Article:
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At 12:44 AM 5/10/2002 +0100, Jeni Tennison wrote:
> > And what other features of XPath 2.0 do you think are overkill for
> > XPath?
>Do you really want to hear?
Mike Kay forwarded your email to our internal lists. I will try to
summarize the results of this thread for the XPath task force, and ask for
this to be put on our agenda.
> XPath 2.0 incorporates a number of *statements* that are already
>provided by XSLT 2.0. The for "expression" and the if "expression"
>would be classed as statements in any other language.
The reason they are not called statements in XPath 2.0 is that XPath 2.0,
like XQuery, is a functional language, and it doesn't really have
statements. They do resemble traditional statements syntactically, but
these are expressions to be evaluated, not statements to be executed. Is
the syntactic form the problem - that it looks too much like the XSLT
> - for expressions, because XSLT has xsl:for-each, although I do
> think that a simple mapping operator would be essential if there
> weren't for expressions
> - conditional expressions, as they currently are, because XSLT has
> xsl:if and xsl:choose, although I do think that a simple
> conditional expression (i.e. test ? true : false) would be vital
> if there weren't if expressions
For these two, you are essentially asking for a simpler syntax to be used
in XPath to express a subset of the functionality of existing expressions
in XQuery. I am a little allergic to this, because that means that XQuery
would probably have to support both, moving the duplication out of XPath
and into XQuery. Is changing the syntax of if and for important enough to
> - quantified expressions, because you could replicate them with a
> simple mapping operator, and in my experience you don't often
> need to test that every $x satisfies something when doing a
> transformation (and the existential qualification of the existing
> comparisons covers the 'some' expression)
>Other things I feel less strongly about; I wouldn't abandon XPath 2.0
>if they remained, but I don't particularly see the point of them (or
>the requirement, if you want to go by use cases):
> - comments in XPaths -- if an XPath gets long enough that you need
> to embed comments in it, you should break it up and use XML
> comments instead
Or perhaps we need to think about how to use XQuery and XSLT together, so
that people can use XQuery when they need complex expressions like these.
> - dereferences -- id(), which does basically the same thing, is
> very rarely used because people tend to want to make their
> stylesheets robust in case DTDs aren't available for some reason,
> so use key() instead. I don't see that dereferencing will be any
> different, although if it used XML Schema identity constraints it
> would be a lot more compelling
Or if it used simple links that can cross document boundaries. The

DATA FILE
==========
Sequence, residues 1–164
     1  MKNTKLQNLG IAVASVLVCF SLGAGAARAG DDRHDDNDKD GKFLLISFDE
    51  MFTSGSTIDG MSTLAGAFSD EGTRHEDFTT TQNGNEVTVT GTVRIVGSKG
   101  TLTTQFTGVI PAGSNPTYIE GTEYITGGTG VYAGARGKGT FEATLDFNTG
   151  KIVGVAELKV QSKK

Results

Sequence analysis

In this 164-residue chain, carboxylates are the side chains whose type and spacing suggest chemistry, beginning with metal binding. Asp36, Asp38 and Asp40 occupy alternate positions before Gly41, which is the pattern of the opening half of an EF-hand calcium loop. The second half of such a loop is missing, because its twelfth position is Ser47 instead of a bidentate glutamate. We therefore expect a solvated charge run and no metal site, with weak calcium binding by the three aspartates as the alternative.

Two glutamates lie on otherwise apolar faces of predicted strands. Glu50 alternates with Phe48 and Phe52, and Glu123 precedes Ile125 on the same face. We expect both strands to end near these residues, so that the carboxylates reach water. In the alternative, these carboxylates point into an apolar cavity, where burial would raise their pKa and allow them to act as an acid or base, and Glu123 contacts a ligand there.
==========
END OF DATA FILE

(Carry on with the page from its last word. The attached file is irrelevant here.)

dereference operator is already under heavy scrutiny. It may well be
dropped. If simple XLinks come to exist, it may be reintroduced with more
> - the "union" operator -- when is it ever a good idea to have more
> than one symbol for the same operator?
Would you want the 'intersect' operator in XPath? If so, I would rather use
'union' and 'intersect' than '|' and 'intersect'.
> - eq/ne/lt/gt/ge/le -- these do exactly the same as =/!=/</>/>=/<=.
> The only difference for XPath (as far as I can see) is that if the
> arguments are sequences then they (due to fallback processing)
> compare the first of the items in those sequences rather than
> every combination of values of those sequences. I can't think of
> any occasion in which that's useful.
I bet you rewrote that last sentence three times before you came up with a
formulation this polite ;->
> - one of the pair of <</>> or precedes/follows -- but you knew that;
> I have no idea which one, because most of the time you need to do
> that kind of test, you know that neither of the nodes is an
> ancestor of the other so the distinction doesn't apply.
Yes, we do know this. I'm writing a presentation on the subject right now...
>You didn't want me to go into the functions, did you?...
Oh yes!!! The status quo is that XPath is going to inherit the entire
function library. If you don't want this, let's hear the feedback.
>If I were to guess, I'd say that users want XPath 2.0 to be
>much like XPath 1.0, with a few small changes to address the
>requirements that we've discovered, through usage, over the past
>couple of years. They want regular expressions and date formatting.
So far the feedback from others on this list is consistent with yours. Does
anybody strongly disagree?
I wonder if anybody has time to raise this subject on
firstname.lastname@example.org. I don't have time to participate in
another active discussion, but it would be interesting to see whether those
The main reason that has been given for including all these features in
XPath is the claim that XSL users really want them. If that's not the case,
I really think we should keep XPath simpler.
>(Honestly, they want dynamic evaluation, but we've already been told
>in no uncertain terms that that's not going to happen, so really I
>should stop carping on about it.)
Dynamic evaluation is another reason I don't want to show my face on
>Ahh... it's nice to feel someone might be listening... Let me know if
>you want me to expand with some use cases.
Oh, yes!!!! I'm always a sucker for use cases.